Now is your chance…

We urge you to contact state legislators Representative Buffy Wicks, Piedmont’s Representative in the State Assembly (email or phone 916-319-2015) and Representative Rob Bonta (email or phone 916-319-2018) today to ask them to support the issue of Full and Fair Funding by placing a measure on the ballot before they adjourn for their fall recess on Sept. 13. 

Please click on the following links to learn more and see the draft script to help you in your outreach and support:

>Full & Fair Funding Letter and Script

>East Bay Coalition for Public Education

There has never been a more critical time to be bold and stand with educators, students, parents and communities across the state to show your support for greater investment in California’s public education system. Full and Fair Funding is an education-specific measure that would move California to the national average in per-pupil funding.

This is the same letter that we have sent to all families across the District.  Join us in support for Full and Fair Funding.

Sincerely,

Randall Booker, Superintendent, Piedmont USD
Terra Salazar, CSEA President, Piedmont USD
Gabriel Kessler, APT President, Piedmont USD
Board of Trustees, Piedmont USD:
Amal Smith, President
Cory Smegal, Vice President
Sarah Pearson
Megan Pillsbury
Andrea Swenson

 
“If we create a culture where every educator believes they need to improve, not because they are not good enough but because they can be even better, there is no limit to what we can achieve.”
– Dylan Wiliam
Piedmont Unified School District
           760 Magnolia Avenue
           Piedmont, CA 94611   510.594.2614 office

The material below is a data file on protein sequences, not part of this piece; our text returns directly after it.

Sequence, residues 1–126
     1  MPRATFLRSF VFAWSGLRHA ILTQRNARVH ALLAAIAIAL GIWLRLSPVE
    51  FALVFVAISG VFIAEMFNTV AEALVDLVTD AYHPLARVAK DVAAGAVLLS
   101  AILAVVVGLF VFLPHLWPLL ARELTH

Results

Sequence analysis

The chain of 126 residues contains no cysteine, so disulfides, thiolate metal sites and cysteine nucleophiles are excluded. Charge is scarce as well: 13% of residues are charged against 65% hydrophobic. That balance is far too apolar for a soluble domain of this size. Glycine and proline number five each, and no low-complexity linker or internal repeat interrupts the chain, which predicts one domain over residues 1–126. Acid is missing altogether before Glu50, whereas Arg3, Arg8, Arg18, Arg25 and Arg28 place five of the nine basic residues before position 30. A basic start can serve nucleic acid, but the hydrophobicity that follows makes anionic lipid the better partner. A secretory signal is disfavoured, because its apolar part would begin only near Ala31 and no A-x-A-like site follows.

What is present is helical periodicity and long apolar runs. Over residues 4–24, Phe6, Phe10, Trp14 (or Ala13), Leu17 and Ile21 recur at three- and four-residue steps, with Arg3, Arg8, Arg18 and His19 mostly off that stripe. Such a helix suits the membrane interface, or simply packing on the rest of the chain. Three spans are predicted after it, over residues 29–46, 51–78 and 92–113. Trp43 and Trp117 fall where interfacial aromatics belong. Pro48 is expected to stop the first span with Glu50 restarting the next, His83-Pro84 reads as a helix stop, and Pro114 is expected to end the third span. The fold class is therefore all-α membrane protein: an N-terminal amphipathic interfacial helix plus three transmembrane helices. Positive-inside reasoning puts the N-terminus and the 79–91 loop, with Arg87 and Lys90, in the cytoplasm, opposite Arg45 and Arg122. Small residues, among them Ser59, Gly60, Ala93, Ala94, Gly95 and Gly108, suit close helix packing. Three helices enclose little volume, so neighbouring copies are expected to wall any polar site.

www.piedmont.k12.ca.us

            https://www.twitter.com/piedmontunified

Sep 1 2019

The League of Women Voters California has announced support for ways to reduce plastics from going into the environment.

Every day, single-use packaging and plastic products generate thousands of tons of waste that are wreaking long lasting damage on our health and natural environment. We can no longer afford to wait. Act now and demand that your legislators combat the plastic waste crisis.

Roughly two-thirds of all plastic ever produced has been released into the environment, polluting every street, park, river, coast, and ocean. SB 54 and AB 1080 would alleviate the scourge of plastic by:

  • Requiring manufacturers to reduce waste and improve the recyclability or compostability of packaging.
  • Ensuring that all single-use packaging will be reusable, recyclable or compostable after 2030.
  • Mandating that the most-littered plastic products be made only from recyclable or compostable materials.
  • Creating incentives to encourage in-state manufacturing using recycled material.

Our dependence on single-use plastics is poisoning our state. Plastic production is a major source of global greenhouse gas emissions, floating plastic “islands” are clogging the oceans, and microplastics are increasingly contaminating our food and drinking water sources. Act now and help us combat the plastic waste crisis.

League of Women Voters California

Jun 12 2019

Piedmont School Board
c/o Randy Booker, Superintendent

re: June 12, 2019 Agenda item: School Taxes

Dear President Smith and Board,

I.      I take exception to Mr. Booker’s comments May 22 at 3:48 that a single square foot building tax would not allow the District to have a separate flat tax on unimproved parcels.  I again cite two sources:
– SB2954 (2018) Legislation allows a separate unimproved parcel rate.
– Alameda School District’s 2011 Measure A square foot of building tax with a separate flat rate for unimproved parcels and the identical 2016 Measure B1 tax; both these taxes withstood legal challenges.  Significantly, Judge Petrou in his 2018 stipulated judgement required a flat rate tax on unimproved parcels to bring Measure B1 in alignment with Measure A (source: Sean McPhetridge, AUSD Superintendent,  4/4/2018 Press Release).